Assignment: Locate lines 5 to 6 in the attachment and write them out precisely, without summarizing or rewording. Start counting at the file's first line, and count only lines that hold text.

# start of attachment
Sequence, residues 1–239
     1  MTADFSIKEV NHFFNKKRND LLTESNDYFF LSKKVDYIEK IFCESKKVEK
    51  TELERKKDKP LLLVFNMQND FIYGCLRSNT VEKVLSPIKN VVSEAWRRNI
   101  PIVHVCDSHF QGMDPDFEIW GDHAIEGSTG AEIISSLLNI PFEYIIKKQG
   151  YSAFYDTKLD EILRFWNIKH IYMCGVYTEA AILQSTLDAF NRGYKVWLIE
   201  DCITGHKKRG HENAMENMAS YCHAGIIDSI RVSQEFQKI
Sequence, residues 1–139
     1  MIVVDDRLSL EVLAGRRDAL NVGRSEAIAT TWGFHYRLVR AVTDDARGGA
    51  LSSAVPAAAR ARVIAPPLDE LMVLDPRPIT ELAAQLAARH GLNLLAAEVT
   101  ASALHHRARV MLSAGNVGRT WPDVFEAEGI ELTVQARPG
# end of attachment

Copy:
   151  YSAFYDTKLD EILRFWNIKH IYMCGVYTEA AILQSTLDAF NRGYKVWLIE
   201  DCITGHKKRG HENAMENMAS YCHAGIIDSI RVSQEFQKI